|About the author: My name is Laurent Lagarde, I’m french, 47 years old and, thanks to my stuttering, I’m now a blog writer (www.goodbye-begaiement.fr), a translator and even a book’s editor. I translated the books Advice to Those Who Stutter and Sometimes I Just Stutter into French. I also wrote for the Stuttering Foundation “25 things I wish I had known when I was 20 years old”. http://www.stutteringhelp.org/content/25-things-i-wish-i-had-known-about-stuttering-when-i-was-20
I am member of the board of the French “Association Parole Bégaiement” where I am in charge of press relations. In this paper, I share my discovery of the wonderful world of stuttering.
I would like to dedicate this paper to Alan Badmington, whose testimonies in previous ISA online conference really changed my life and opened my way toward recovery.
If you stutter and are looking for answers, you have many reasons to be optimistic.
In recent years, the available information on stuttering has experienced a real upheaval. It has grown from a handful of books by specialists to thousands of texts or exchanges available within a few clicks.
This expansion of information has triggered a major shift in the approach to the topic and the establishment of a real dynamic progression.
A few years ago, when I started to browse the french Web, I expected a lot from the Internet growth. Very high were my expectations. Very deep was my disappointment.
I found only stutterer’s testimonies on their suffering along a difficult path, two or three methods of former stutterers’ available in exchange for a big check, and heated and sterile debates between supporters of a particular therapy.
Lost among commercial proposals and depressing testimonies; my disappointment and frustration were enormous. It seemed that nothing had changed since my childhood and adolescence, except that in addition, to paraphrase Shakespeare, “something was rotten in the state of stuttering”.
Then I discovered Canadian and U.S. sites which offered interesting texts for people who stutter (PWS) and published testimonies of personal paths towards recovery. I read Jack Menear’s, Alan Badmington’s, John Harrison’s and Walt Manning’s stuttering stories and I said to myself : “Hey, that’s me!” Then I read their paths toward recovery and I said : “Hey, that could be me!”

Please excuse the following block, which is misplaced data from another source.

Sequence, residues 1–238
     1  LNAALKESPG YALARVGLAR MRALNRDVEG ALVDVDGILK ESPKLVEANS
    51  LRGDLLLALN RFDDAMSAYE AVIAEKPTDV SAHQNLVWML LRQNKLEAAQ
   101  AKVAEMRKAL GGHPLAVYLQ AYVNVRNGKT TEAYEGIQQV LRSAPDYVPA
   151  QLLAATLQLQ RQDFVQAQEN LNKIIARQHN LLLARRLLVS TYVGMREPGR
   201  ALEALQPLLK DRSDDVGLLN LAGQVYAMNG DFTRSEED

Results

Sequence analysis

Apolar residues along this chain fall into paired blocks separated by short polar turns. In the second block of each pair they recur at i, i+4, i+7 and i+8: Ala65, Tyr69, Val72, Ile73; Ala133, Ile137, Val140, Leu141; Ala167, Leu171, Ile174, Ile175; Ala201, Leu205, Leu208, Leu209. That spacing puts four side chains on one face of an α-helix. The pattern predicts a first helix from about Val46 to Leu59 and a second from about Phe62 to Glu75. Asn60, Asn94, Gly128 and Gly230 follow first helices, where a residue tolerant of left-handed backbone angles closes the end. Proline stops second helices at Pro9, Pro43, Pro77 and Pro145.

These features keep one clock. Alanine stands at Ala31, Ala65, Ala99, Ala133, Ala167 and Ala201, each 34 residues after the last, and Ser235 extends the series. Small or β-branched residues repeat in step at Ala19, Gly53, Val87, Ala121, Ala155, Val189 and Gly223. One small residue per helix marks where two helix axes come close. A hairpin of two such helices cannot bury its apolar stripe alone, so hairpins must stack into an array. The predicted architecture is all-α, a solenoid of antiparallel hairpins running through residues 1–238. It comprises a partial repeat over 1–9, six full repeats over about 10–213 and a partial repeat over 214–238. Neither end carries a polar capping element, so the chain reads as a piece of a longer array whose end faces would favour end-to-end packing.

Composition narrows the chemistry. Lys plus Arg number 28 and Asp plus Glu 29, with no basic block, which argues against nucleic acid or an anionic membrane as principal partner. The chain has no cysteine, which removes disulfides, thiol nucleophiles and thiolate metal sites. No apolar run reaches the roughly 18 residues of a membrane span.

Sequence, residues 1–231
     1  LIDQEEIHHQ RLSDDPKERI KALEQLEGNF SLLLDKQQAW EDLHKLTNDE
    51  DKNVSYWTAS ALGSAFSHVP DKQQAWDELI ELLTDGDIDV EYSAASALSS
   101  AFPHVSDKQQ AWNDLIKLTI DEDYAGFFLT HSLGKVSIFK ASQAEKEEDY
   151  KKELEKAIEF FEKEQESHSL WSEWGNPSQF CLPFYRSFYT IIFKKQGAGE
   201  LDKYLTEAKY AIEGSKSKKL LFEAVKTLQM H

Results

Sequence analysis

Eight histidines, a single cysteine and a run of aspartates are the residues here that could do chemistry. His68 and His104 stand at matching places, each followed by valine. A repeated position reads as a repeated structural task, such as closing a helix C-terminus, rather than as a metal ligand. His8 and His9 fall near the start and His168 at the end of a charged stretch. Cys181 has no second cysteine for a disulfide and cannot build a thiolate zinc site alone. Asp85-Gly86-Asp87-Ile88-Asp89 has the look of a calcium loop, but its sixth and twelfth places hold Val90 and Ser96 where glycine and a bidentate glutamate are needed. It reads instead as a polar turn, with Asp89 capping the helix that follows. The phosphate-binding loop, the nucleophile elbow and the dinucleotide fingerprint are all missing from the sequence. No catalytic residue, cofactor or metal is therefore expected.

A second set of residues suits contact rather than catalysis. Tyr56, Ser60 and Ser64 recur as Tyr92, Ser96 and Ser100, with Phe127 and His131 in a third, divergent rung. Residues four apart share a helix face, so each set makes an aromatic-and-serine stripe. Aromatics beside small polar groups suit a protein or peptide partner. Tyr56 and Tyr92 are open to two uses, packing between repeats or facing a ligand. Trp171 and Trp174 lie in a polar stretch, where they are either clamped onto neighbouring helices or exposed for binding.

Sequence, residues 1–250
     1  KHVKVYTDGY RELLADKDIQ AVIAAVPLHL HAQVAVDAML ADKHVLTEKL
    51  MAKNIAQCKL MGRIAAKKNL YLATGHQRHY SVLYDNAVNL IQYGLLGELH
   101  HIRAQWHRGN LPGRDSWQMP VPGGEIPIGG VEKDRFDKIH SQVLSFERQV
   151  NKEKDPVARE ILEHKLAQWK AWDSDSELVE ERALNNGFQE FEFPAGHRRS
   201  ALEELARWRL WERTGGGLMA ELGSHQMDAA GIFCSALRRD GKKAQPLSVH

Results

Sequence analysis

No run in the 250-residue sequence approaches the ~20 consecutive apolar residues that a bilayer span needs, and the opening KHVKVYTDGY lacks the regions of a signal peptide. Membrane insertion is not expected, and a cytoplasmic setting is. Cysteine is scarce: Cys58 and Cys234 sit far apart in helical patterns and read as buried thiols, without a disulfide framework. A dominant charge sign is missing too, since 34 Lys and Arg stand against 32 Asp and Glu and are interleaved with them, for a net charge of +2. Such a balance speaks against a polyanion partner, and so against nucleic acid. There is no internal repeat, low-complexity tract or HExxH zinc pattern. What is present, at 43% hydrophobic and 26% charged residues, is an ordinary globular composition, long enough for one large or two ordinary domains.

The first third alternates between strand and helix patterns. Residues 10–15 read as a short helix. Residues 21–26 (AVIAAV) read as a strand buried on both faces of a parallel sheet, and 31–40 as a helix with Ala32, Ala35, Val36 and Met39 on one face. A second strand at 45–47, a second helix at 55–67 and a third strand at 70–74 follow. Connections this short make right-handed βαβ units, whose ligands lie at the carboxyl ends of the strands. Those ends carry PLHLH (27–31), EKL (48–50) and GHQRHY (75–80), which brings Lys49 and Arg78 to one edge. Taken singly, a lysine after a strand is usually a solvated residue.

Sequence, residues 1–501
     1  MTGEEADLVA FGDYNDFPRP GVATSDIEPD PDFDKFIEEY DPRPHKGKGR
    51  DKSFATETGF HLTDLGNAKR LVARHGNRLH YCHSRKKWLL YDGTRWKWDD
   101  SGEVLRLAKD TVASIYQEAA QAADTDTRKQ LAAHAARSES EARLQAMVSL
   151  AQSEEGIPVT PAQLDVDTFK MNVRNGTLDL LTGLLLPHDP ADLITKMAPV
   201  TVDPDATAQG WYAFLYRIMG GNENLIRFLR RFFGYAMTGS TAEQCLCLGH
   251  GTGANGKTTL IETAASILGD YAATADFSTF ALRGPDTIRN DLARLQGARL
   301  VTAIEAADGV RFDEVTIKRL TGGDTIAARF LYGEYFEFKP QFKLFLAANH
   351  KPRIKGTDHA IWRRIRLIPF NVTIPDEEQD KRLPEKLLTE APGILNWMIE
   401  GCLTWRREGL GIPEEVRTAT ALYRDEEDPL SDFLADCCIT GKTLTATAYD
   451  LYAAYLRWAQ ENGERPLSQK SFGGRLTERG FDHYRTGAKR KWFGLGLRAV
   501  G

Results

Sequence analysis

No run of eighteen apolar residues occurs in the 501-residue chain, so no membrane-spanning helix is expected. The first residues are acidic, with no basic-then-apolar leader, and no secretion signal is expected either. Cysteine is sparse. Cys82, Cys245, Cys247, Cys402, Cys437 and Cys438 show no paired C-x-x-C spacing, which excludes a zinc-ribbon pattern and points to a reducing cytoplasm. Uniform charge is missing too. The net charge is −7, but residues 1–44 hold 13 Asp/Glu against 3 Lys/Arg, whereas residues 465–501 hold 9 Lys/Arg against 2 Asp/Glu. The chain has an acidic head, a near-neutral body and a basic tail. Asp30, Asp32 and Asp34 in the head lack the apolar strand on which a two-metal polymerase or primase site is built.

Through them, I discovered that there were also former stutterers or therapists, who work together to raise awareness of what stuttering is and share experiences or new scientific discoveries related to this complex subject.
Yes, there were people who volunteered their services to help people who stutter and who shared their information without a thought of financial reward!
Yes, things were moving in the world of stuttering and some people even used the word “hope!”
Yes, it was possible to have peaceful and constructive exchanges on the subject!
I was energized and it gave me the desire and energy to create my own blog to join in this positive movement and relay this dynamic change. I chose the name “Goodbye Begaiement” (Goodbye Stuttering) and I wrote my first posts about what I learned and experienced.
At first I was a little afraid, I confess, of the reaction of the French Internet world of stuttering. I had nothing else to offer other than my goodwill, my maybe interesting but not universal story and the fruit of my searches. My surprise was immense.
First, the two major french weblogers in this field, Olivier and Alexandre, reacted immediately by relaying my first articles on their blog. I foolishly feared they would see me as a “competitor” and have a little fear of this new actor. Rather it was a friendly and enthusiastic response that greeted me and to them I owe the beginning of my blog traffic, and to Daniel Poussin (the webmaster of Association Parole Bégaiement) who quickly put a link on the association’s website.